Meanwhile, back at the ranch, the father never stopped loving his wayward and wasteful son. The father saw the son approaching from a distance and ran to him and embraced him. The father had been longing for this reunion since the day the son had left. Jesus clearly indicates that the father’s only thoughts were thoughts of joy. After the son had recited—and no doubt sincerely recited—his speech of repentance and contrition the father told the servants to bring him a robe, a ring, some shoes, and to kill a calf for a celebration. These words to the servants were wonderful words of joy and each held great significance for the son. More important than what the father said, however, was what he did not say. He did not say, “I told you so.” He did not say with raised eyebrows, “Well, well, the prodigal has returned.” Not one single word of recrimination was to be found in the father’s heart nor on his lips. The younger son was just that, his son, and that is all that mattered.

It’s too bad we cannot say the same thing for the older brother. The only words in his heart were words of recrimination. He was so full of malice that he could not even rejoice with his father. He was angry. He was jealous. He was worldly. Yes, the older son also loved the world, and he too found what he was looking for. He had not left home. He had remained on the farm and worked hard for the father, but he had found the same world the younger son had found all the same. His heart was in exactly the same condition as the younger son’s when he left home. Sadly, the older son lacked that profound spiritual clarity that a bit of affliction and an empty belly bring. He had lived at home all his life, but ultimately he failed to understand two important truths. First, all he had was his not because he was a faithful servant, but simply because he was a son of the father. Second, all of that faithful service did not make him more of a son than he was, and the younger son’s lack of service did not make him less of a son. They were both sons, and that is all that mattered. I am sure that the younger son struggled with just this issue as he was in the far off land feeding pigs. Surely he felt he was undeserving and that his father would be angry. Doubtlessly he expected at least a stern lecture about the evils of this world before he was shuffled off to his duties as a mere servant in the house. What’s more, had the older son been in charge of the household that or worse is exactly what would have happened.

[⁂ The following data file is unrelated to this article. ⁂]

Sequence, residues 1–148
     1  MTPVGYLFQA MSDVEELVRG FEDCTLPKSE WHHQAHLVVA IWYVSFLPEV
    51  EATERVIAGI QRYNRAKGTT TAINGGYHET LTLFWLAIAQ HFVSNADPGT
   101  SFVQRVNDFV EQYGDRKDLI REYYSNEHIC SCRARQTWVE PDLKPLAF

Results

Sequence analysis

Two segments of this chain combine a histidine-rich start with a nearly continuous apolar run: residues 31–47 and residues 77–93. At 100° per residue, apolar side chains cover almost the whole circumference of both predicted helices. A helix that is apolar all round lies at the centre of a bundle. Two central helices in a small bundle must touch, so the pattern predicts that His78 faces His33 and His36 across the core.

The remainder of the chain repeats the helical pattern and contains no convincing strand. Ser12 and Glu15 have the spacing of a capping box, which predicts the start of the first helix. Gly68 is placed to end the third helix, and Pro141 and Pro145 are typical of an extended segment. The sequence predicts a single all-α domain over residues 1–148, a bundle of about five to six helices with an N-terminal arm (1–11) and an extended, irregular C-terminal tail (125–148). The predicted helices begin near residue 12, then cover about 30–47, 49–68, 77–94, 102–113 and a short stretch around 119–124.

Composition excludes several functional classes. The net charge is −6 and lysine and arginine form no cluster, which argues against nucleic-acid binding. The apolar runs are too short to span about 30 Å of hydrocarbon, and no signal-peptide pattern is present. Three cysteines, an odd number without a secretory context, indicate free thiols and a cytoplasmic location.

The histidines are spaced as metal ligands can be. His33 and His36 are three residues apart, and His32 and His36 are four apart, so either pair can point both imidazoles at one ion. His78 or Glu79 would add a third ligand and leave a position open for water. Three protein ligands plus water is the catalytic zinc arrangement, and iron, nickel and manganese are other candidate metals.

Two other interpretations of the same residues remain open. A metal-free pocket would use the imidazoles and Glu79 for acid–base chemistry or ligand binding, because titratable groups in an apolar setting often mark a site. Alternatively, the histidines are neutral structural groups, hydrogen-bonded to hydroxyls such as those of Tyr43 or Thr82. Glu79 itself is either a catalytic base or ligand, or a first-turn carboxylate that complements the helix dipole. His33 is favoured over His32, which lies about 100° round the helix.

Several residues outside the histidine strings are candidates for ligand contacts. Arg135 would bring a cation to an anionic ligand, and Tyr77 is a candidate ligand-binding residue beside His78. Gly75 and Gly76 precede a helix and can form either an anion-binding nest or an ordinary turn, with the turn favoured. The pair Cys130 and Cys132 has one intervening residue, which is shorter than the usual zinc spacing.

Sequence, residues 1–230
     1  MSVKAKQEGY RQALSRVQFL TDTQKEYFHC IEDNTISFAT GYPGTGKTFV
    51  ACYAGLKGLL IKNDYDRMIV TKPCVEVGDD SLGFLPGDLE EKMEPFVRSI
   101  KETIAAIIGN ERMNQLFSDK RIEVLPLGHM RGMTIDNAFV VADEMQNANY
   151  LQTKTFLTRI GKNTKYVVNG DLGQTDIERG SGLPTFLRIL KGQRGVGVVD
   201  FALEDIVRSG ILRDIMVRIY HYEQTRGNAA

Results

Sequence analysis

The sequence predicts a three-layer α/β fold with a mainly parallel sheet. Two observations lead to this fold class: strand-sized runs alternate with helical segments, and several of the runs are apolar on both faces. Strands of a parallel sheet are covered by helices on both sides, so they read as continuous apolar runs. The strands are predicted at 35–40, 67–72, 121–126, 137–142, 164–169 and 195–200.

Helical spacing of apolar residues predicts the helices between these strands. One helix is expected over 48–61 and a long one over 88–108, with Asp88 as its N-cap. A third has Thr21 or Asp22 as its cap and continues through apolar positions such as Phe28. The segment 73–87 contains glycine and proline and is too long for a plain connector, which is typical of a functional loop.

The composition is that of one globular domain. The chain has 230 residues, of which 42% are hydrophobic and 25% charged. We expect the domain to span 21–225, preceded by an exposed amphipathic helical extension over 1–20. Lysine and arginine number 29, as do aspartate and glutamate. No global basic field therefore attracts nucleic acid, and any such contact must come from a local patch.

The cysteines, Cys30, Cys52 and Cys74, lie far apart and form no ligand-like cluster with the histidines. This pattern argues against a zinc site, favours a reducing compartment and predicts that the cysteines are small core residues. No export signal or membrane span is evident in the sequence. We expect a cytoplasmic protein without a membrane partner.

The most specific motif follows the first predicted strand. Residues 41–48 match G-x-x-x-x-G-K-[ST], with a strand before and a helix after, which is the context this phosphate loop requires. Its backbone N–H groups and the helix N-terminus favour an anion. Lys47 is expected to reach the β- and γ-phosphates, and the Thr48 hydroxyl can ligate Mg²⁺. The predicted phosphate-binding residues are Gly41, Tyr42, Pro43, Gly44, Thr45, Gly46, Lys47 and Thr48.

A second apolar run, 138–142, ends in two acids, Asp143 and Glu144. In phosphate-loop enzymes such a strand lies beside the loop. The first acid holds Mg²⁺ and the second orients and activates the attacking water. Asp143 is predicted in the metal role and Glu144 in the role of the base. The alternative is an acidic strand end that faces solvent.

The Parable of the Prodigal Son is timeless. Not only can we be thankful that the older son was not in charge of the household, we can be thankful that the church is not currently in charge because to a large degree the church more closely resembles the older son than the father. God, the Father, is patiently and longingly waiting for his children to leave the world and come home to him. He is waiting with open arms, a joyous heart, and not a single word of recrimination on his holy lips. Unfortunately, some who would come back never really do because they fear the older brother’s joyless heart and hypocritical words. This is truly a tragedy. The concept of a loving father who seeks his own and longs for their return from the world is an important one. Luke 15 relates three parables dealing specifically with this great spiritual hope. In addition to the Parable of the Prodigal Son, Luke relates the Parable of the Lost Sheep and the Parable of the Lost Coin. The point of all three is that God desperately and deliberately seeks his children and when that which was lost is again found, there is great rejoicing and absolutely no recriminations.

This parable reminds me of Don Francisco’s song, “I Don’t Care Where You’ve Been Sleeping”. The older brothers of this world will probably object to his manner of expression, but the truth is there all the same.

I loved you long before the time your eyes first saw the day,
And everything I’ve done has been to help you on the way,
But you took all that you wanted then at last you took your leave,
And traded off a Kingdom for the lies that you believed.

And although you’ve chosen darkness with its miseries and fears,
Although you’ve gone so far from Me and wasted all those years;
Even though my name’s been spattered by the mire in which you lie,
I’d take you back this instant if you’d turn to Me and cry.

I don’t care where you’ve been sleeping, I don’t who’s made your bed,
I’ve already gave My life to set you free;
There’s no sin you could imagine that is stronger than my love,
And it’s all yours if you’ll come home again to Me.

When you come back to your senses and you see who’s been to blame,
Remember all the good things that were yours with just My name;
Then don’t waste another thought before you change the way you’re bound,
I’ll be running out to meet you if you’ll only turn around.

I don’t care where you’ve been sleeping, I don’t who’s made your bed.
I’ve already gave My life to set you free;
There’s no sin you could imagine that is stronger than my love,
And it’s all yours if you’ll come home again to Me.

The Father has a very simple way of looking at this. As he said to the older son, “‘It was fitting to celebrate and be glad, for this your brother was dead, and is alive; he was lost, and is found.’ (Luke 15:32)” Wow! Even for the older son the father had no words of recrimination. His only words have always been and always will be, “Welcome home, my child. Welcome home.”